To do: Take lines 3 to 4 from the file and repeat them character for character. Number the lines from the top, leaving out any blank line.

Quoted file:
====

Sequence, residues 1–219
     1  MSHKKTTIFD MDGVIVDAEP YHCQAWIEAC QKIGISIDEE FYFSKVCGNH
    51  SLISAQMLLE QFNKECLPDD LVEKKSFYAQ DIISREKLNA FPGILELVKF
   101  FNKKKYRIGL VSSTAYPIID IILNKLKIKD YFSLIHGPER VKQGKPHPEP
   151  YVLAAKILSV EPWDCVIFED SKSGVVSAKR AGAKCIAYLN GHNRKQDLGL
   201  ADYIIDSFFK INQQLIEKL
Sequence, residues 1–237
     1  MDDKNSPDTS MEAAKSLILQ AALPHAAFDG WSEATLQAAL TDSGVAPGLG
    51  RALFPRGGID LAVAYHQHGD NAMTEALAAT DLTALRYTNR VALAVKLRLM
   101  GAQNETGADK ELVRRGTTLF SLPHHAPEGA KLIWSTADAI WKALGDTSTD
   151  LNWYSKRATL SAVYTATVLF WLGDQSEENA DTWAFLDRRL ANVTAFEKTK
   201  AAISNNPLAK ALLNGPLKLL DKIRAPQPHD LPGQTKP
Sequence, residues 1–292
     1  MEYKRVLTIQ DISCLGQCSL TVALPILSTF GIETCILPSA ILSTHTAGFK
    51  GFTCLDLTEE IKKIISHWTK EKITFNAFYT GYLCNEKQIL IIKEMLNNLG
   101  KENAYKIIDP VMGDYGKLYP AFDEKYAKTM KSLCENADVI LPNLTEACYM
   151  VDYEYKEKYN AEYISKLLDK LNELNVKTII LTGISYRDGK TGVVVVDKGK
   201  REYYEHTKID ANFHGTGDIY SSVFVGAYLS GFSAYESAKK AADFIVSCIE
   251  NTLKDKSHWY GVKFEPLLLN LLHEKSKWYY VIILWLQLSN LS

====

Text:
    51  SLISAQMLLE QFNKECLPDD LVEKKSFYAQ DIISREKLNA FPGILELVKF
   101  FNKKKYRIGL VSSTAYPIID IILNKLKIKD YFSLIHGPER VKQGKPHPEP